Loose lips can sink supplier-carmaker relationships

Chrysler CEO Sergio Marchionne wants some of the profits that suppliers are getting. It was impolitic of him to assert so bluntly this month that suppliers' healthy profits make his "blood pressure go up." However, he identified a real need. Chrysler needs higher profits to stay competitive globally.

But Marchionne risks wrecking the modest improvements in supplier relations Chrysler has made since Dan Knott became head of purchasing in 2009. And Chrysler needs the good will of suppliers when they decide which customers get the newest technology first.

Marchionne must realize that suppliers have more clout than they did before the recession, and a partnership approach now works best. Suppliers also must be compensated properly to justify their enormous investments to develop the technology Marchionne wants.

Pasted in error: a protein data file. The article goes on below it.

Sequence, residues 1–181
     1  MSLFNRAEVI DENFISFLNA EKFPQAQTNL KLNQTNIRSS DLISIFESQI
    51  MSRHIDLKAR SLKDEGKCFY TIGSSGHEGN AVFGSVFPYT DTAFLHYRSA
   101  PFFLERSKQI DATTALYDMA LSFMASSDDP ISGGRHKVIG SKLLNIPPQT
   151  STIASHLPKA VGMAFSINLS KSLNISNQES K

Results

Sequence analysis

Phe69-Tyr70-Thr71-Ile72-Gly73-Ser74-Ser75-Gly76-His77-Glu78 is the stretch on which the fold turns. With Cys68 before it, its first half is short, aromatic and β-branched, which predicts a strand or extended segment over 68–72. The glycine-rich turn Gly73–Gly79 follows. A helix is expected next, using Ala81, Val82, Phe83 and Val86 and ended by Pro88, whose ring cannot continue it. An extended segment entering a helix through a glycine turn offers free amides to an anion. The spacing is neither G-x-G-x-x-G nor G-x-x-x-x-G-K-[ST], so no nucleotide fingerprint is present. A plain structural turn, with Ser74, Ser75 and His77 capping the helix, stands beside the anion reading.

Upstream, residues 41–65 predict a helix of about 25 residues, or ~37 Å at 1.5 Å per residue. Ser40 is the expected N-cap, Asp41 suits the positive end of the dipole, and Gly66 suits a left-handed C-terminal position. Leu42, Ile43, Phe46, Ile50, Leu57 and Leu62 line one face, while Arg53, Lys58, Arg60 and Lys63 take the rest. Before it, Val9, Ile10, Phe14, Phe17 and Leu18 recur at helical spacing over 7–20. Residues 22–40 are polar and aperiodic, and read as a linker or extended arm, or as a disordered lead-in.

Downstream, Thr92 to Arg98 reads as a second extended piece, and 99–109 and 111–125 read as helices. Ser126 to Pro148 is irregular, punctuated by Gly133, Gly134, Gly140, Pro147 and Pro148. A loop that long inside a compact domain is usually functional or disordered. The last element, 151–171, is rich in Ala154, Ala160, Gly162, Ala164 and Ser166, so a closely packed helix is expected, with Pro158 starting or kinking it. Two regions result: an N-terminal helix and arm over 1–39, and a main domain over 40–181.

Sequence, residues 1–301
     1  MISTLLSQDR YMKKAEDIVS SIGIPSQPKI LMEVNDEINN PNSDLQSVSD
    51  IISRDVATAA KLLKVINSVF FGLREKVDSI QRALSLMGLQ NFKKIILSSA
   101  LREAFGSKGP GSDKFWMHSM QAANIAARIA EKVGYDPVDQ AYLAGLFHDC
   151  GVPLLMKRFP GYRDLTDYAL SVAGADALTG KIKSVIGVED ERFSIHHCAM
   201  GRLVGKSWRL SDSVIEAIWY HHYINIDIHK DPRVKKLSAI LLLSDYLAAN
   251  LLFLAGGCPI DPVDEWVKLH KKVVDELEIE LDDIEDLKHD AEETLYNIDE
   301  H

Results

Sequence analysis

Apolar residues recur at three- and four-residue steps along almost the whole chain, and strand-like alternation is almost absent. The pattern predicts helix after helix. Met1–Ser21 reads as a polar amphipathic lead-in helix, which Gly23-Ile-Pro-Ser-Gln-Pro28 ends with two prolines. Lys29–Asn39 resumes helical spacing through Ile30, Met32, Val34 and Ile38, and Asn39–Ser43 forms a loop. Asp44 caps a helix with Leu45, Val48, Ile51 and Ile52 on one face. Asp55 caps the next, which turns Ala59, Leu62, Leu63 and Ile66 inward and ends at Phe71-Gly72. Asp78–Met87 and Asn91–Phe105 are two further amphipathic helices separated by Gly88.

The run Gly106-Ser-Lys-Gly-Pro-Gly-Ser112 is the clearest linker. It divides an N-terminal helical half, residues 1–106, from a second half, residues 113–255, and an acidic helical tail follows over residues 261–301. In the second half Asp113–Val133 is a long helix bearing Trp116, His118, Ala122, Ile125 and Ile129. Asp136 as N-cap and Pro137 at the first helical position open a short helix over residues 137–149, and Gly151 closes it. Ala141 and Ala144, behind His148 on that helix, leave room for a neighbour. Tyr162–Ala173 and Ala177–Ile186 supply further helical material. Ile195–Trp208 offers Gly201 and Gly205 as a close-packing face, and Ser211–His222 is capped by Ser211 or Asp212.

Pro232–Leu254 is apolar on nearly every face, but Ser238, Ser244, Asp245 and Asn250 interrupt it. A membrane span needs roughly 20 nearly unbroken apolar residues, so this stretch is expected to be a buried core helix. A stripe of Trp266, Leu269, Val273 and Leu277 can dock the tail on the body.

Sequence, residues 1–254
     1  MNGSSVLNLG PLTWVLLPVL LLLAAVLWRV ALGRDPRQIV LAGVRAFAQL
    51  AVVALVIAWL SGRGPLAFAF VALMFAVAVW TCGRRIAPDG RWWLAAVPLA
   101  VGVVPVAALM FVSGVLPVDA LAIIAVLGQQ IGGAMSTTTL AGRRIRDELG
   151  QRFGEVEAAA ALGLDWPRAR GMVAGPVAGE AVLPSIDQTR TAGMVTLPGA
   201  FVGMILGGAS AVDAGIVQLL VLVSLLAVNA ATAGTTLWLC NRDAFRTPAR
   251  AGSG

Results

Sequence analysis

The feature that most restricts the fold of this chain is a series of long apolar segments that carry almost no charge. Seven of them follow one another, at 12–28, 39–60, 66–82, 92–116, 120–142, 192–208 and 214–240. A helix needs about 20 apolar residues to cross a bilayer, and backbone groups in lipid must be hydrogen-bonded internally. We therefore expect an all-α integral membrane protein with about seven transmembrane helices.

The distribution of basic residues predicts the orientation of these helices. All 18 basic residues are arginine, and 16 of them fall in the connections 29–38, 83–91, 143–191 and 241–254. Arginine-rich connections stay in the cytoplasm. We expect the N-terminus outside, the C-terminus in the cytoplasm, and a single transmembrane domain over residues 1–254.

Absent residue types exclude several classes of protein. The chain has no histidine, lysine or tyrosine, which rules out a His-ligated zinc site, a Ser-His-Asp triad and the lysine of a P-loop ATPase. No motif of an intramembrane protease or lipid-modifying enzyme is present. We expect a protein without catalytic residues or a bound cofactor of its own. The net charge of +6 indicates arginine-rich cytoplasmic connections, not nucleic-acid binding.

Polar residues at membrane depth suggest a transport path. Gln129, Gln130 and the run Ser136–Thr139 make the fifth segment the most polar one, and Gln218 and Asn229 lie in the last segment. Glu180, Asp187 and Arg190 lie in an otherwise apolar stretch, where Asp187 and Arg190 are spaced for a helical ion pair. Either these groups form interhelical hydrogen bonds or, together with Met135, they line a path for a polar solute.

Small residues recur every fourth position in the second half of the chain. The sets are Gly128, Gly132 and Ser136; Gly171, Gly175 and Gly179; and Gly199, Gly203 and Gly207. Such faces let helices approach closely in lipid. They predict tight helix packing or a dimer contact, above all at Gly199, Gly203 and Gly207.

Automakers can't squeeze parts makers the way they did back when the automakers controlled advanced technology. Now, a tech-savvy supplier that has developed a new feature decides which customer gets it first. These days in negotiations, suppliers often have the hammer.

Almost immediately after his rash remarks, Marchionne softened his message. He warned against reviving past "aggressive behavior" toward suppliers. That's wise.

Chrysler suppliers are so profitable precisely because their parts helped fuel the automaker's rapid sales growth. Those suppliers' profits also signal that Chrysler is no longer last in line with them.

Both sides should use Marchionne's remarks to widen the conversation. And they should skip squabbling over past profits to explore what fresh successes they can work on together.



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